It makes one really feel the time slipping by when the school buildings of one’s youth are no longer school buildings, and especially when they are no longer in existence in any form. This is true for me, as I’m sure it is for many others this week. It is for many Covington graduates, no doubt, an emotional time to see these halls of memories turn to rubble. A small, close-knit community like Covington is very connected to its school system and its school buildings.
Many of us had formative life events take place at these schools and on these school grounds. Graduation ceremonies, school yard fights, academic recognitions, detentions, musical performances, first kisses, and sporting events, just to name a few. Many Covington families have had four generations attend classes at the 25 Grant Street location. If only the walls could talk!
So it naturally is a difficult time for many community members to watch these hallowed corridors come down. Some cannot even bring themselves to drive by and look.
But a new school building has all the technology and modern amenities that early and mid-20th century buildings did not. They are well-designed, well-equipped, brand new, and seemingly sterile and ready to be broken in. There is not yet any wear and tear on the concrete, bricks, equipment, and mechanical systems. All is brand-new and ready for learning.
But I can only imagine that this was the same feeling in Covington in 1931 and 1956, when these now non-existent school buildings were erected. At one time these buildings were brand new, sterile, in perfect condition, and had replaced older facilities. They were just empty, freshly-painted halls, with anxious students ready to move into these new classrooms. So as the new bell system ushered in the school year in 1931, and again in 1956, the recollections of youth began being fashioned in young memory banks at these new schools. Over the next 85 years, how many events and memories were created in young minds at the high school and middle school at 25 N. Grant? And there were just a mere 60 years’ worth of events for the kids at 707 Chestnut St.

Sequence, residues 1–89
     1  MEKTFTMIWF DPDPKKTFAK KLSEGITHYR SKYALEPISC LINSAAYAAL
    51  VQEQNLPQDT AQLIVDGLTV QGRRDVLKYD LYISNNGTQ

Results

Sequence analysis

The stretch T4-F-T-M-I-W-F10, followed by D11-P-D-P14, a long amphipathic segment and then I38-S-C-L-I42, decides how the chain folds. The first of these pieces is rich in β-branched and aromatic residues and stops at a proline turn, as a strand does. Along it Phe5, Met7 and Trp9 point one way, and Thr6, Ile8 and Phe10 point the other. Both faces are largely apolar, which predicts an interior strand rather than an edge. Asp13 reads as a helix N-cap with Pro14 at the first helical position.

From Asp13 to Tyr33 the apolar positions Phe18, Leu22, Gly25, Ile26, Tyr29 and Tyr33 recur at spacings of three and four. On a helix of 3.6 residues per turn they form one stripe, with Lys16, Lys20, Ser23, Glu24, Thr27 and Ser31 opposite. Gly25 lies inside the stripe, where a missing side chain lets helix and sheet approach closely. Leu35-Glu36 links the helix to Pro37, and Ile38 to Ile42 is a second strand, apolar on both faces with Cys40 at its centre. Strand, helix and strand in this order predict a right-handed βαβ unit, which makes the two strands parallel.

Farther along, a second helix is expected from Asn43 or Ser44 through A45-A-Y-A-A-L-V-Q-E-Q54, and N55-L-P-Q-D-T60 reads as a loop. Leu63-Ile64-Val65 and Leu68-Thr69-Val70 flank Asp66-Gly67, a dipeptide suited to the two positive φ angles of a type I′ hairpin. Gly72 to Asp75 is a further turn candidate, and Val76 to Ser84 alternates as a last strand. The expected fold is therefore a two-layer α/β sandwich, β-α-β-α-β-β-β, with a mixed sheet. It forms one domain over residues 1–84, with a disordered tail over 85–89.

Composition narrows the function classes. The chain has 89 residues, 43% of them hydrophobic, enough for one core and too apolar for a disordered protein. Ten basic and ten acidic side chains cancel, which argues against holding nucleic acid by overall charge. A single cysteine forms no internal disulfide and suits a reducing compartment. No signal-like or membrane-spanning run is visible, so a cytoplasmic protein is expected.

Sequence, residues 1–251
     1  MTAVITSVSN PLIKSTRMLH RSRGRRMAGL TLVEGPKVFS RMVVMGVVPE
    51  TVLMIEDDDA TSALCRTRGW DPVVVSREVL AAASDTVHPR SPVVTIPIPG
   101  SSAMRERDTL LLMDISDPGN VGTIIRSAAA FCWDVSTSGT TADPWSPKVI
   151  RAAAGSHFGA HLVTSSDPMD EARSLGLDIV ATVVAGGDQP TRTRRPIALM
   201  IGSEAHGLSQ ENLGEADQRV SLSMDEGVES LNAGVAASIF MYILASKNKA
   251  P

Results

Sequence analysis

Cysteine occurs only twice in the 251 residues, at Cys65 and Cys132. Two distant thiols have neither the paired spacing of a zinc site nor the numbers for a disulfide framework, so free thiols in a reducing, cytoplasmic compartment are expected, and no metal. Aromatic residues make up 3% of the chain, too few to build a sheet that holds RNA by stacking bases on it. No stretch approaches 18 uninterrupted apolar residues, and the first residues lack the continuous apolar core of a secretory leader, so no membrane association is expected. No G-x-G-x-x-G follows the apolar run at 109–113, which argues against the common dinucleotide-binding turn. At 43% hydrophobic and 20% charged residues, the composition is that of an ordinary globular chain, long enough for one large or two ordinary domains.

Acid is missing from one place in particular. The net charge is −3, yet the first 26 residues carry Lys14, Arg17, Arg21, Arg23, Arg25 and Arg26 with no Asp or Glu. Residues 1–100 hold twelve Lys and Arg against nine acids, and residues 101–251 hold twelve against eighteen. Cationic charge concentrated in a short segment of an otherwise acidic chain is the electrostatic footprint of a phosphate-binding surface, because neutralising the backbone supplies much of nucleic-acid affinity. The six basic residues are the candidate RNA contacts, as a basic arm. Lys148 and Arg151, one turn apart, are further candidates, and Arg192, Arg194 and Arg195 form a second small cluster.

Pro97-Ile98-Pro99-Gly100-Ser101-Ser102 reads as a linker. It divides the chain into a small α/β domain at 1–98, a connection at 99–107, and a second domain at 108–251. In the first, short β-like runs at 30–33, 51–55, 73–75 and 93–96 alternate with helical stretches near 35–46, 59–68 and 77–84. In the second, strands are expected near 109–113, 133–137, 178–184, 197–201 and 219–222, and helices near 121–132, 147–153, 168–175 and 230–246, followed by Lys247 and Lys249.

So although it is difficult to see the old buildings of our youth destroyed so quickly and effortlessly at the arm of a track hoe and blade of a bulldozer, it is not new to Covington. Schools in this village and township have been built and torn down before, after each had exhausted their useful years. I would imagine that the feelings about our old school buildings in 2016 are very similar to what Covington residents and graduates experienced in 1931 and 1956.
I will always remember my school days here in Covington with fond recollection. The memories will stay, although the buildings are no longer. I guess I prefer to optimistically look forward to potentially 85 years’ worth of wonderful memories yet to be made, by new generations of Covington students, in the soon-to-be hallowed halls of the new Covington Elementary and Junior High School.
If you would like to tour the new building, the school district is hosting a community open house on Sunday, Aug. 21, from 2-4 p.m. All residents are invited to tour the brand new K-8 facility. And bricks from both the middle and elementary schools will be available outside the fence at each demolition site. Why would one want an old rectangular piece of kiln-baked clay? Perhaps because they serve as a visual reminder of the great memories that took place inside these classrooms, hallways, and gymnasiums.
Got Covington news? Contact columnist Alex Moore by calling (937) 418-8884 or emailing firstname.lastname@example.org.